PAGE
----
I printy mono only so no real colour balance issues.

    Thanks
    Tom

  5. #5
    Bob Carnie's Avatar
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    hi Tom

    I have run into this problem before , operated a lisle camera with I believe 16 bulbs, they seemed to blow in pairs and around the same time, once you replace with new they will last for a long time , you may unfortunately need to replace all and continue with new.

  6. #6
    Bob Carnie's Avatar
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    Tom

    sorry , didn't mention this, when replacing bulbs make sure you wear cotton gloves. the oil from your fingers is not good for longevity on these types of bulbs.

  7. #7
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    If there is a chance that the bulbs may have been touched by someone, they should be cleaned. A cotton ball with denatured alcohol will remove any residue of noseoil from the surfaces. We had a customer who learned this the hard way on his work lamps. He complained bitterly about the cost and reliability of replacement bulbs until someone asked him if he had touched the bulbs or read the included instructions.

  8. #8

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    A couple more thoughts about light bulb failures.

    In general, heat will reduce bulb reliability and a multi-bulb head will tend to run hotter than a single bulb head. Check to make sure you have good air circulation around the head and make sure any cooling vents are not obstructed.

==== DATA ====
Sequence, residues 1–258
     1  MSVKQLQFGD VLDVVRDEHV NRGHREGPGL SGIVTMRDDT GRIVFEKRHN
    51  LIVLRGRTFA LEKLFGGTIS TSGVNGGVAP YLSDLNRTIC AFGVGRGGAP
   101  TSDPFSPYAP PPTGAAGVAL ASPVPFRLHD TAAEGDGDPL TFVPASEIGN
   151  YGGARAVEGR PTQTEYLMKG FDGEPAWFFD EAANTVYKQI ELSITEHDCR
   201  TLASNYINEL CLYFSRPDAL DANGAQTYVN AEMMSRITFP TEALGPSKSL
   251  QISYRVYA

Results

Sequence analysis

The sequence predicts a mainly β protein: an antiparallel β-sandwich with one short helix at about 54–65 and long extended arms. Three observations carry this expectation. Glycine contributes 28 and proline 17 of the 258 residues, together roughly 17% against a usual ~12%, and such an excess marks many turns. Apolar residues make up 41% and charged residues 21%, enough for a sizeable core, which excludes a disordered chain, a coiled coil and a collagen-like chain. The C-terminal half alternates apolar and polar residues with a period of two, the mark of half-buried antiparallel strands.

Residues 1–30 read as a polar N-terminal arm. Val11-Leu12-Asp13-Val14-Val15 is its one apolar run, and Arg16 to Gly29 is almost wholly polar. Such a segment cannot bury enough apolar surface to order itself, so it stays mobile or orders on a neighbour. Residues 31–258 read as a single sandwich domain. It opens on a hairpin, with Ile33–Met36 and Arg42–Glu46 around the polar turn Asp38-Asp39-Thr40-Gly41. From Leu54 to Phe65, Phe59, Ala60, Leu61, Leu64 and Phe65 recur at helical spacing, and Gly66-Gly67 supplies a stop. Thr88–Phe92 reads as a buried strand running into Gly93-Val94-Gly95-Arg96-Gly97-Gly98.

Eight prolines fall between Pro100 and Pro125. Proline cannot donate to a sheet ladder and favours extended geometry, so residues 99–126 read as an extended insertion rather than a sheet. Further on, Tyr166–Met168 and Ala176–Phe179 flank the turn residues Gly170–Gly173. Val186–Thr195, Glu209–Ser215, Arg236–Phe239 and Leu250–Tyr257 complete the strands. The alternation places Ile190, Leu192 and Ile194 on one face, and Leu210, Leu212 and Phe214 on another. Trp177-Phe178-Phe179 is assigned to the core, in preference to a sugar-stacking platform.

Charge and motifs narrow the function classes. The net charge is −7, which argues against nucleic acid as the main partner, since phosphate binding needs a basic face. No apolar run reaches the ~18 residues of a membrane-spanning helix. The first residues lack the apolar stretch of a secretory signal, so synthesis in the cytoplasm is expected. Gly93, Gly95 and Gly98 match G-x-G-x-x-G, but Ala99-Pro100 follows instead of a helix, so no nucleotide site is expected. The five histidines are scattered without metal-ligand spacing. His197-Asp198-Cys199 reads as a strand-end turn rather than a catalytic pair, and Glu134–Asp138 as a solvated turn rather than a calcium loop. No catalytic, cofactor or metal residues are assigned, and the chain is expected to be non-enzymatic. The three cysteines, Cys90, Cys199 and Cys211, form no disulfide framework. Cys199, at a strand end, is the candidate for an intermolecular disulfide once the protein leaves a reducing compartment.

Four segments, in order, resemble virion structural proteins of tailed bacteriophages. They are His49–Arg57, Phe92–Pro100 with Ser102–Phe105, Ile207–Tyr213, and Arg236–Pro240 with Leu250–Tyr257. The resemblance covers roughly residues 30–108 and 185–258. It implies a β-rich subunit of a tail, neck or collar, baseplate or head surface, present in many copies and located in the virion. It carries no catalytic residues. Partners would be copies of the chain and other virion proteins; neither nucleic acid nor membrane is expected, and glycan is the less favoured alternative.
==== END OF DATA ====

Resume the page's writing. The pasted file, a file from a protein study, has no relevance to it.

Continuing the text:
Voltage spikes can cause catastrophic light bulb filament failure. High voltage (that exceeds the bulb's voltage rating) is also an enemy of filament reliability. Your line voltage may be too high and "dirty" as well. You can ask the electric power company to put a voltage monitor on the electrical service to your house.
    Tom Hoskinson
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    Everything is analog - even digital :D

  9. #9

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    About touching the bulbs, I always assumed that this applied to the bulb itself rather than the reflector cone (which I touched) I took care not to touch the glass bubble around teh filament of course. Should one avoid touching the relector?

    Tom

  10. #10
    Bob F.'s Avatar
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    Quote Originally Posted by Tom Stanworth
    About touching the bulbs, I always assumed that this applied to the bulb itself rather than the reflector cone (which I touched) I took care not to touch the glass bubble around teh filament of course. Should one avoid touching the relector?

    Tom
    Good point....


    I would assume that as long as it is not a sealed unit (where the reflector is part of the lamp itself as opposed to something that simply surrounds the actual lamp) touching the refector would be OK. Having said that, I would be inclined not to risk it as it is going to get very hot too.

    Bob.